Chorus Frog & Green Frog

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Photographed in situ [1]

A midland chorus frog (Pseudacris triseriata) emerges after the recent frequent rains, chirping loudly on a warm evening. This male was one among hundreds vocalizing furiously. Spring peepers are one of the first amphibians to call in the spring in Missouri, along with the “everpresent” eastern toad (Bufo americanus). Once a male attracts and secures a female in amplexus, the female will lay up to 1000 eggs that hatch just a week or two later. Spring peepers prefer stagnant shallow pools of water for breeding and are commonly found in marshes, ponds, and ditches. However, due to Pseudacris‘ diminutive size (~3cm in length), they can be easily overlooked. During the winter, spring peepers hibernate in small refuges within logs and tree bark. When temperatures drop below freezing, glucose levels are elevated throughout the body as a cryoprotectant, a mechanism that reduces freezing mortality. Mobilization of glucose is facilitated by stores of glycogen that accumulate in the liver and muscle tissue prior to overwintering.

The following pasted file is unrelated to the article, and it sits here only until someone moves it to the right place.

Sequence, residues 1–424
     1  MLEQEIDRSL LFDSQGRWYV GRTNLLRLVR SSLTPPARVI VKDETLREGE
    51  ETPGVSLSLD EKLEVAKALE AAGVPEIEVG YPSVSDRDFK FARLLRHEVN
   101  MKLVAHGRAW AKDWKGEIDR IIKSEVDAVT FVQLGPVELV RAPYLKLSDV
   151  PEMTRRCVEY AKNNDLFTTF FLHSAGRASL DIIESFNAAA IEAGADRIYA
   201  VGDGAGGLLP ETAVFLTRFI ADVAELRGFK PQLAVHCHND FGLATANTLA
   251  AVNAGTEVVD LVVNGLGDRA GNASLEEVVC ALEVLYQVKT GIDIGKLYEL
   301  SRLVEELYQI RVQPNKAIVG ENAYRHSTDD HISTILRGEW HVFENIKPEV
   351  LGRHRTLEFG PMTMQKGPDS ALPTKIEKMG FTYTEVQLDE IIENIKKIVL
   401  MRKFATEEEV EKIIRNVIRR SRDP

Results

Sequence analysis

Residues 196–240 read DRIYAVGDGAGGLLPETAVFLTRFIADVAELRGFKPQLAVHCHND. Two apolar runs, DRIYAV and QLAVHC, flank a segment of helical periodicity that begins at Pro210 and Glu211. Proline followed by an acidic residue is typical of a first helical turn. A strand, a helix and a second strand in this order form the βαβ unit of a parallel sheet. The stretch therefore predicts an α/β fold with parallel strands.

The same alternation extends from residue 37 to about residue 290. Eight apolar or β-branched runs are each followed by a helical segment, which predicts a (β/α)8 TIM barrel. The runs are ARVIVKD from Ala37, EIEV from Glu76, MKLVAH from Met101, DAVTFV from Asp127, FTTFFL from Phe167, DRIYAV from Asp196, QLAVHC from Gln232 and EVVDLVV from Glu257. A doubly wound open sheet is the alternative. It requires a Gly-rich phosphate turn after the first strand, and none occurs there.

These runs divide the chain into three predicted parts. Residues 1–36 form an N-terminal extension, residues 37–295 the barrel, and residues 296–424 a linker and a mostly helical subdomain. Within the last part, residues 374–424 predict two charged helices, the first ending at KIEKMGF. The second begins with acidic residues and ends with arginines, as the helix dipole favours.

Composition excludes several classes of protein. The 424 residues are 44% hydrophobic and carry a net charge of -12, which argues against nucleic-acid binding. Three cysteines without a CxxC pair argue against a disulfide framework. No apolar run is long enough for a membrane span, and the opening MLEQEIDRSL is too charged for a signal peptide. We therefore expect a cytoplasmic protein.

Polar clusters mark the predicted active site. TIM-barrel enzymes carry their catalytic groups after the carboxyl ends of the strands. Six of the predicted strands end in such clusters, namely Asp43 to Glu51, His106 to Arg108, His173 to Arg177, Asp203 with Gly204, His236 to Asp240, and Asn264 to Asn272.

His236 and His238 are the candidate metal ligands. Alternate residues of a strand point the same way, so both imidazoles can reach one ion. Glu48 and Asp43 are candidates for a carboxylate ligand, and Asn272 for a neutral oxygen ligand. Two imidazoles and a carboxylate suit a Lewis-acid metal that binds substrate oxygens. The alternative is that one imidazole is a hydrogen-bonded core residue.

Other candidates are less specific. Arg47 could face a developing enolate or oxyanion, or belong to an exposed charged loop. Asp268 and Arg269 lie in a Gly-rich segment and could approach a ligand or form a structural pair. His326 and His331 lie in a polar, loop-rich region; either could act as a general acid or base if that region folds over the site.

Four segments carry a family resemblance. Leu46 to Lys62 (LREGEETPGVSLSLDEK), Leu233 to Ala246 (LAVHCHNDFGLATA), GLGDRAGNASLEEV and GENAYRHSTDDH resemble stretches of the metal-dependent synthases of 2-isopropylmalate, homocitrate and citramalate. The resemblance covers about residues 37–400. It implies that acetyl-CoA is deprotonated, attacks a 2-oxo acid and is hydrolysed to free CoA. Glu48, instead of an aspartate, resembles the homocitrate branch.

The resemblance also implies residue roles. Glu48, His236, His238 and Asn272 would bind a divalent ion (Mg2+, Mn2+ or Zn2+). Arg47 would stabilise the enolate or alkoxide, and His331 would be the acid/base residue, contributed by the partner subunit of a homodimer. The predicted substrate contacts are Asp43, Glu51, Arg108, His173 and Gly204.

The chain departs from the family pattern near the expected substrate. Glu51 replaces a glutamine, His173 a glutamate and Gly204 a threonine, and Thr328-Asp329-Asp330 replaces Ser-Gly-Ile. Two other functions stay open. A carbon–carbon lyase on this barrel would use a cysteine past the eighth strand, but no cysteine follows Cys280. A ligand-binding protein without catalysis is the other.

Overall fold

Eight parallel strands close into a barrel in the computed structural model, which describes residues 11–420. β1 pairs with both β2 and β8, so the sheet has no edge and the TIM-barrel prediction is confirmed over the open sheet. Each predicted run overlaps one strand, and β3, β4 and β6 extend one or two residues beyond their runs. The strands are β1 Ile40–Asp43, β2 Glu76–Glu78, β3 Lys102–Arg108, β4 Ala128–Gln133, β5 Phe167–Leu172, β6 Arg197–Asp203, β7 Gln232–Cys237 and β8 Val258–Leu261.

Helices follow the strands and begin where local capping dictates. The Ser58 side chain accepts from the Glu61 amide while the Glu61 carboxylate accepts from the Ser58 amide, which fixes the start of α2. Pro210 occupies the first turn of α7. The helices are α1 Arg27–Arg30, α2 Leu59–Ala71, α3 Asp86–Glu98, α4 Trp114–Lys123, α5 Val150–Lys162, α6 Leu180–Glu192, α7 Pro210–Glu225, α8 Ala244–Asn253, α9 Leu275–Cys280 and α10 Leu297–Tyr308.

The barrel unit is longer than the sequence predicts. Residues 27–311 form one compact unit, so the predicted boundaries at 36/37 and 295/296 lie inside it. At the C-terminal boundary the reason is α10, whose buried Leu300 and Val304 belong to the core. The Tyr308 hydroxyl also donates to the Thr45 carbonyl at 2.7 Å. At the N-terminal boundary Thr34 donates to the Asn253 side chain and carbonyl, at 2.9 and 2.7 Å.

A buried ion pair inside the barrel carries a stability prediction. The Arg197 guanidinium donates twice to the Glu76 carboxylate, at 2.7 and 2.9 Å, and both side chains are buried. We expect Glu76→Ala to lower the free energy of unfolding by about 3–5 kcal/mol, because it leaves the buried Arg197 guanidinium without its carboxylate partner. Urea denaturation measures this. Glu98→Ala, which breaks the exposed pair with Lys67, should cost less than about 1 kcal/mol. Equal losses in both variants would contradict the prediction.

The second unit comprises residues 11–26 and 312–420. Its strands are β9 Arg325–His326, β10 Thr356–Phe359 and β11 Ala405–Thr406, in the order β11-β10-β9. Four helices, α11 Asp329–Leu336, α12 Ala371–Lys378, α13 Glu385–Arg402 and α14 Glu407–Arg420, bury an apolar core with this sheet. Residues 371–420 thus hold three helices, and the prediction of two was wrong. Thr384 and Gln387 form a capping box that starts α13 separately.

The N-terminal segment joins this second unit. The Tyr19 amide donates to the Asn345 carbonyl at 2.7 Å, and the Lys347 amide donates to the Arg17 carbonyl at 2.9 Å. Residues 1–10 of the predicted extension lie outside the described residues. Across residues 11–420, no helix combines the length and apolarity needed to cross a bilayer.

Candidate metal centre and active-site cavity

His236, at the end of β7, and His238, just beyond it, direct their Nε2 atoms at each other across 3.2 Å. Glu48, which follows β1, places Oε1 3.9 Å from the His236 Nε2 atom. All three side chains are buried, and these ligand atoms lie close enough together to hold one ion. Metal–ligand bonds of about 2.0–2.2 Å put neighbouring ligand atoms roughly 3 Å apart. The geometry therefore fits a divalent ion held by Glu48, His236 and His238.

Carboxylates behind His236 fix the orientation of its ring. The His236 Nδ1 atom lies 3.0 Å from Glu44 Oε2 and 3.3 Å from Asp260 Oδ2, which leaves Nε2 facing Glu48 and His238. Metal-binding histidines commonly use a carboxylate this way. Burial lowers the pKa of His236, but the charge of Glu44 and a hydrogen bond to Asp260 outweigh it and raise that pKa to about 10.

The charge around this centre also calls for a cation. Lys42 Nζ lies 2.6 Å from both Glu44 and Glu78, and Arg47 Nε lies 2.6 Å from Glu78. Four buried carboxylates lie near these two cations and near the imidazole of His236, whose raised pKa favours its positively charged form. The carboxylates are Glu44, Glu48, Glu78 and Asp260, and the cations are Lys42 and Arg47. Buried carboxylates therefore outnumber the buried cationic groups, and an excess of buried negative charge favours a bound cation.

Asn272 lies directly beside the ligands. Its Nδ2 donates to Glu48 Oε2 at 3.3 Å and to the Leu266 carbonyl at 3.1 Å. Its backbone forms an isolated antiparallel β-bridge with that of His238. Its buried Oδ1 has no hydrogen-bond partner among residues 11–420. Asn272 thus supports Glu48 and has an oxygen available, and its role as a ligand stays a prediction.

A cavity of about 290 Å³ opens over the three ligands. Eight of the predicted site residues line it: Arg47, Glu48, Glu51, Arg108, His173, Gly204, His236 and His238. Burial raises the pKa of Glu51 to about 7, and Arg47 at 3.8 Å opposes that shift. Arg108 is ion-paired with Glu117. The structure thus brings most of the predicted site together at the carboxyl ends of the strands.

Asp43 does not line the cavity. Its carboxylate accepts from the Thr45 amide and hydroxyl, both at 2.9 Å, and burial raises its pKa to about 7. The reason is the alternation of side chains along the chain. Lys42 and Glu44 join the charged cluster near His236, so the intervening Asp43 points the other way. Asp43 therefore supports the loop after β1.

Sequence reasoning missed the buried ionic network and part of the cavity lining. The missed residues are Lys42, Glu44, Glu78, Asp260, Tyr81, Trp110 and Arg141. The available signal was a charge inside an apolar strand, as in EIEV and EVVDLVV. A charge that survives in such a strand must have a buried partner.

Green frog (Rana clamitans), wide-eyed and ready to indulge in beetles. Focus stack of five images; photographed in situ [1]

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